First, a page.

Trump sees his poll numbers sliding and wants to get back on the trail to buck them up, no matter the public-health risks. And if he can’t do that, he wants to hold daily press appearances where he can thrust himself into the spotlight, a proxy for rallies. More than a few pundits have likened the daily briefings to rallies, with the added benefit of Anthony Fauci for a prop.

One can see the traces of this interpretation in the Times report:

Mr. Trump demanded to know how it was possible that a campaign that had been projecting strength and invincibility for two years was polling behind a candidate he viewed as extremely weak and, at the moment, largely invisible from daily news coverage.

There are several problems with this analysis. First, Trump’s projection of strength was always flimsy; although Trump entered the election as a slight favorite, the race was always likely to be tight. Second, Biden was never quite so weak as Trump claims here, and probably stronger than Hillary Clinton (despite manifest flaws). Third, Biden’s invisibility looks like an asset; the Democrat is, by choice or necessity, letting Trump run against himself, to great effect. Finally, this account ignores the central political fact of the moment, which is that tens of thousands of Americans have died in a pandemic that polls show voters believe Trump has botched.

Trump was lucky in his opponent in 2016. Though the media generally treated her as a prohibitive front-runner in 2016, Clinton had several flaws that were apparent at the time. She was widely disliked, had already run an ineffective campaign for president once, and faced the additional burden of widespread sexism. Biden, like Clinton, is vulnerable to attacks over his long record in public life, but he is better liked. Trump could also run against the status quo in 2016. In 2020, he is the status quo, and it’s a status quo that is getting worse by the day, as measured by economic indicators and death toll.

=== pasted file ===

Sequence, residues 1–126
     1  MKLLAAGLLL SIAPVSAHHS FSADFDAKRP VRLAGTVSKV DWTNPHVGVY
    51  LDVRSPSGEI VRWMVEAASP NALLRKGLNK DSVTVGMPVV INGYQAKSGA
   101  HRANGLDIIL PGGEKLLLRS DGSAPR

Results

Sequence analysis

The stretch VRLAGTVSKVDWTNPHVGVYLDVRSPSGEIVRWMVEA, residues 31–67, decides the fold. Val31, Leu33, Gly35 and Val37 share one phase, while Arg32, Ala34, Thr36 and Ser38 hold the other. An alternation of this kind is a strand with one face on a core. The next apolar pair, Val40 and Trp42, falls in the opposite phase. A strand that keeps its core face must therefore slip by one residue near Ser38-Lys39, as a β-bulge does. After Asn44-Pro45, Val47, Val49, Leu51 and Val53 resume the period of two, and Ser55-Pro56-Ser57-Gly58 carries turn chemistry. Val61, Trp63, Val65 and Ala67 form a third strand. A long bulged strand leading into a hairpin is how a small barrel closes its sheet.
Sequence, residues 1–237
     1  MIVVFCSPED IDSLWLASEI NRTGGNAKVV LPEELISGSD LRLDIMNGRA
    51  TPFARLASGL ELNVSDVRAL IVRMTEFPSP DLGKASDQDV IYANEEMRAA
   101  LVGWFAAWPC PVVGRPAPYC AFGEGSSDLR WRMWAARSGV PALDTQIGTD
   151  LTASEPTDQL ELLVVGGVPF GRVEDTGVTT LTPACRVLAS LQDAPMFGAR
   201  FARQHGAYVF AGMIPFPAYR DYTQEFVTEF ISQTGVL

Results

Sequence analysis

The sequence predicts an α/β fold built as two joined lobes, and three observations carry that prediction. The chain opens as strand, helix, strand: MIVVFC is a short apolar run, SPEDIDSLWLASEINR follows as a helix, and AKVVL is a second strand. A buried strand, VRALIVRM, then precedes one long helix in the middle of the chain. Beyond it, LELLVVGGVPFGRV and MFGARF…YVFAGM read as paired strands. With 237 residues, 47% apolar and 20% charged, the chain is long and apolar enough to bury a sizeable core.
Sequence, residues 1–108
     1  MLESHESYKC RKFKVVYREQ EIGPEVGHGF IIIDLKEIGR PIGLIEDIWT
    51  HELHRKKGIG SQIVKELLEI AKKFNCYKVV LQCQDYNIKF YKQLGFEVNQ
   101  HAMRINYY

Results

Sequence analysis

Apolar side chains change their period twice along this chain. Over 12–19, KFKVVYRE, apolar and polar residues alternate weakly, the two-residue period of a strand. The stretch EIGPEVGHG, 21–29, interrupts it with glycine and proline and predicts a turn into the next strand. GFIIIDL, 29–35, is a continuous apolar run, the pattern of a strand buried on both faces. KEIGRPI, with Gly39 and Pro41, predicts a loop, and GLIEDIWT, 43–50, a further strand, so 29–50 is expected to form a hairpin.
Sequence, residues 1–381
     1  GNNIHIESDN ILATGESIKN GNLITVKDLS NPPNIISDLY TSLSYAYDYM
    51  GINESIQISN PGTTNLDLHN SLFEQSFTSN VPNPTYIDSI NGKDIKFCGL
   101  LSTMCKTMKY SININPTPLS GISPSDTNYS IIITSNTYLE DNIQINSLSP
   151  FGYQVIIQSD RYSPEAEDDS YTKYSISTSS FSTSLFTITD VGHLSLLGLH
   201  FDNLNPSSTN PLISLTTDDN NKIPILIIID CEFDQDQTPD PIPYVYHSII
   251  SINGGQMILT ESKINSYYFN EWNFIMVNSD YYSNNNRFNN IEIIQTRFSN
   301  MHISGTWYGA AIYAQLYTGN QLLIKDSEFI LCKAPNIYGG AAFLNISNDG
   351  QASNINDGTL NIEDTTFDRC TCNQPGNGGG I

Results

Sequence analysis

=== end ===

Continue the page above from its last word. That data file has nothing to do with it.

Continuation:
The White House has pursued a Baghdad Bob–style line about the pandemic. “The worst of the pain and suffering is going to be behind us,” Trump said yesterday. “We think we really have passed a big boundary. Much better days are ahead.” His son-in-law and senior adviser, Jared Kushner, was still more effusive on Fox and Friends. “We’re on the other side of the medical aspect of this, and I think that we’ve achieved all the different milestones that are needed,” he said. “So the government, federal government, rose to the challenge, and this is a great success story, and I think that that’s really what needs to be told.”

To anyone paying much attention, or even anyone simply comparing this with the administration’s benchmarks from a couple of months ago, it is absurd. But in addition to a predilection for hyperbole, Trump has a tendency to believe his own spin, so perhaps he has bought into the narrative he’s peddling.

Trump may yet win the election. There’s a lot of time between now and November, and the pandemic and volatile economy make it hard to even envision the territory on which the battle will be fought. But at the moment, Trump is losing and he doesn’t understand why. Because the president continues to fixate on the previous election, and interpret it in questionable fashion, he is desperate to keep talking, oblivious to the self-inflicted damage his press conferences create. He has killed the daily briefings, for now, and in name, but continues to speak with reporters and the public in other forums. It scratches his itch for public attention a little, but it can’t replace the big rallies that he seems to believe are the salvation for his campaign. In 2016, Trump’s inability to keep his mouth shut turned out to be just crazy enough to work. He hasn’t grasped that in 2020, it’s the problem, rather than the solution.

We want to hear what you think about this article. Submit a letter to the editor or write to letters@theatlantic.com.